By Kathie Farnell
Photos by Jack Purser Jr.
Florida’s Franklin County, located in the Florida Panhandle, only recently got its first traffic light.
With a population of only 10,000 and 87% of its land protected by the state or federal government, Franklin is the ideal destination for the visitor who wants to explore nature.
And any explorations here will include the local seafood—Apalachicola, the county seat, is the source for 90% of all Florida’s oysters. Apalachicola Bay has been famous for its shellfish since before Europeans reached the area–prehistoric shell mounds attest to the local oyster’s long-term popularity—and the area still supports a thriving fishing and oyster industry.
The best way to find out about the county’s natural attractions is to visit the headquarters of the Apalachicola National Estuarine Research Reserve (ANERR) in downtown Apalachicola. A joint program between the National Oceanic and Atmospheric Administration and the Florida Department of Environmental Management, ANERR includes nearly 250,000 acres of lands forming one of the most important bird habitats in the Southeastern U.S. as well as territory that is vital to maintaining the area’s fishing and shellfish industry. The educational center includes aquariums, a honeybee colony and exhibits on the animals and plants of the area. The staff are always happy to help visiting birders plan trips, and if time permits, will even go along to help spot rare species like the red-cockaded woodpecker.
On one early spring day, we headed for the Apalachicola National Forest with education and training specialist Alan Knothe. We didn’t see red-cockaded woodpeckers, though we spotted the trees where they would later nest, but seeing bald eagles, hawks, water birds, and colorful warblers more than made up for it. Spring songbird migration peaks in April, and the same birds pass back through in fall, headed for Central and South America.
The shallow waters around Apalachicola are prime spots for kayaking and canoeing, and more than a dozen businesses offer eco-tours of the area. One of the best outfitters is Journeys of St. George Island. Founded in 1991 by Jeannie McMillan, Journeys offers guided canoe, kayak and boat tours. We headed out under the guidance of Jeannie’s son Justin to kayak the creeks and byways of the area, floating past thick stands of tupelo trees which are the source for the county’s famous tupelo honey. Gliding peacefully under Spanish moss-draped limbs, we spotted areas on the bank where alligators come to sun themselves—and long scratches down the bark of a cypress tree where a beehive-raiding bear apparently beat a hasty retreat.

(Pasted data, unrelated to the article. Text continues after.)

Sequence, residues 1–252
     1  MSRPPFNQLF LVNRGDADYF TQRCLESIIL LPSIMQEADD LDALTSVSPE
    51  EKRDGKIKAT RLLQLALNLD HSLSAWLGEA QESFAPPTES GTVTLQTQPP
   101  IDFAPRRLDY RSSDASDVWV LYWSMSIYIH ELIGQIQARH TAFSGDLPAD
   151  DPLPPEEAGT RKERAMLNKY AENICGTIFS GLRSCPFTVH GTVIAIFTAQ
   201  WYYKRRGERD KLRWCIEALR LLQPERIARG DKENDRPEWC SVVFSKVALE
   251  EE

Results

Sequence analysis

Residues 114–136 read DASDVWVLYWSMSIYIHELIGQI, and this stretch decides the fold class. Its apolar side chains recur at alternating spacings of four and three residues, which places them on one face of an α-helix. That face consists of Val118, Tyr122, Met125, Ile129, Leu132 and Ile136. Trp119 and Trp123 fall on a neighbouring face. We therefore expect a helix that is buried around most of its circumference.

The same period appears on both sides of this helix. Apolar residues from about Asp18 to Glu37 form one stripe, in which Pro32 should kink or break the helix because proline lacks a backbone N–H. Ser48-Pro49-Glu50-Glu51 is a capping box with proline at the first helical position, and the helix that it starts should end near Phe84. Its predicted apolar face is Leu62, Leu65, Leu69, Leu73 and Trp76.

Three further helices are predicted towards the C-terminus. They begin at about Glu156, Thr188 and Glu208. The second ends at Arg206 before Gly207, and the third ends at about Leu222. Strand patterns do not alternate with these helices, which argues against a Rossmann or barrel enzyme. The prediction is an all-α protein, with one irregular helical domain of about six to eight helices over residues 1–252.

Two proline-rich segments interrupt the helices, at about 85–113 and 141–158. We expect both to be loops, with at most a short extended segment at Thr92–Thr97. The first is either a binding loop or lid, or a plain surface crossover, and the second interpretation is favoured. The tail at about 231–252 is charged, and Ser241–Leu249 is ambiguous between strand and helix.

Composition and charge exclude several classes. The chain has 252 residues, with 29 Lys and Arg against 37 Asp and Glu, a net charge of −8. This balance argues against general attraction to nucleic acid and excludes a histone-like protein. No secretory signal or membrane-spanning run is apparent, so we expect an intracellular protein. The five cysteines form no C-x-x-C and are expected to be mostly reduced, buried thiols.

Nearby, the Tate’s Hell National Forest (named for the unfortunate Mr. Tate, who ran afoul of something unspecified there and staggered out to announce “I’ve been to hell and back” before succumbing) offers hikers the opportunity to discover rarities including a pitcher plant bog with the world’s highest concentration of these insect-eating plants.
Despite the emphasis on getting back to nature, staying in Franklin County doesn’t mean roughing it. Accommodations in the Apalachicola area range from the hundred-year-old Gibson Inn (which houses the world-class restaurant Avenue Sea) to the brand-new Water Street Hotel and Marina. We opted to stay across the bridge on St. George Island at one of the modern upscale beach cottages managed by Collins Vacation Rentals, Inc. Our multilevel beachfront cottage, appropriately named Sea Break, featured incredible views, a state of the art kitchen, an elevator for our baggage and even a screen porch and outdoor shower.
With the abundance of local seafood, Apalachicola has plenty of dining options. St. George Island is home to Eddy Teach’s Raw Bar, a funky establishment next door to Journeys of St. George Island. Oysters and beer are the draw here. Harry A’s, located just off the island’s main intersection, offers an “island low country boil” featuring shrimp, corn, new potatoes and sausage as well as oysters on the half shell and plenty of variety in fresh seafood options. On the beach, the Blue Parrot Ocean Front Café has the island’s largest deck for outdoor dining and serves up signature Po’ Boys, fresh seafood, and steaks, along with a dynamite bread pudding.
In downtown Apalachicola, the Wheelhouse Cafe, right on the waterfront, has fabulous fried oysters with a spectacular view of the working harbor, and even offers guided boat tours to the surrounding area.
East of town on Highway 98, the appropriately-named That Place on 98 serves fresh local seafood—including a wonderful Panhandle Chowder full of fish, clams and potatoes—and homemade desserts with a sweeping view over St. George Bay.
Franklin County’s natural abundance attracts visitors year-round. The cooler months are the off season here and offer low rates, a bug-free ambiance, and peaceful views over the water. Located on the Gulf of Mexico, 80 miles southwest of Tallahassee, Franklin County is served by Tallahassee Regional Airport with daily flights by Delta, Northwest Airlink and other airlines.
For more information on visiting Franklin County, contact the Franklin County Tourist Development Council at 1-866-914-2068 or check the website at www.anaturalescape.com.